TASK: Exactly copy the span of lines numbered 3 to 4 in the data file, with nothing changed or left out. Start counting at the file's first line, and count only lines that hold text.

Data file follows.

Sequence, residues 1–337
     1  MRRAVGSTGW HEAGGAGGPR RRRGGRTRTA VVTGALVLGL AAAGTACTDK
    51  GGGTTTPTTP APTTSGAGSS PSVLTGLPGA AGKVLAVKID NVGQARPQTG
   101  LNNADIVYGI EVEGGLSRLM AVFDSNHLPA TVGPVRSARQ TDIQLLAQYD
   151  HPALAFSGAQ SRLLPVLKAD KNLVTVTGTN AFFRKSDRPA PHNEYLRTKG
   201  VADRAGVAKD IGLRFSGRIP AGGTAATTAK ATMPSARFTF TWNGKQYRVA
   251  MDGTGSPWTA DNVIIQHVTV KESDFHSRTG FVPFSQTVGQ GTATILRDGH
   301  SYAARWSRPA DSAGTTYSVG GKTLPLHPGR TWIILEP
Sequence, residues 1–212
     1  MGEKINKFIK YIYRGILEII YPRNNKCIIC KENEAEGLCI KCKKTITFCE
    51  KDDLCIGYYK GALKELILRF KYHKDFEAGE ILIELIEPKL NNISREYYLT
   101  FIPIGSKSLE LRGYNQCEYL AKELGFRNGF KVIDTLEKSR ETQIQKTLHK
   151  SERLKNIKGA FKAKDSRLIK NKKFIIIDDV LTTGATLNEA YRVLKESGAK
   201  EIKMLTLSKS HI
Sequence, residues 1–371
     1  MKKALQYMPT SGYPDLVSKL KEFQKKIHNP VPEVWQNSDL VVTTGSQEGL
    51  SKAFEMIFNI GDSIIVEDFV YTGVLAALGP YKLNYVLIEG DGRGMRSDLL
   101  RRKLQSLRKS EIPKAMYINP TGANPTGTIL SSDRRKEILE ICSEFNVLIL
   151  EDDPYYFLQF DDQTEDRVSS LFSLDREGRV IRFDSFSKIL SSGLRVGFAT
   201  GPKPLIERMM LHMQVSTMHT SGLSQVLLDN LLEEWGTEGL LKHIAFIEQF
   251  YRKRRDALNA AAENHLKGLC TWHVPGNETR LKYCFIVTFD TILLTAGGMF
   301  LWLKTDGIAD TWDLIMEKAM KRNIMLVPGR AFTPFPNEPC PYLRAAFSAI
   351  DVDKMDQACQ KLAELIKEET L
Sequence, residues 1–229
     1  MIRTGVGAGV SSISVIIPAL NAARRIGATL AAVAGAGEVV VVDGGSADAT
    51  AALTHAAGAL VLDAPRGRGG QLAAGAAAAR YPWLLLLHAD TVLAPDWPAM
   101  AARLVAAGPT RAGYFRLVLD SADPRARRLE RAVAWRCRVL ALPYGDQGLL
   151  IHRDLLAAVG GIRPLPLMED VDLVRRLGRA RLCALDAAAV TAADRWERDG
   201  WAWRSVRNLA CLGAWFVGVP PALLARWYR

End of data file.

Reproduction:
    51  GGGTTTPTTP APTTSGAGSS PSVLTGLPGA AGKVLAVKID NVGQARPQTG
   101  LNNADIVYGI EVEGGLSRLM AVFDSNHLPA TVGPVRSARQ TDIQLLAQYD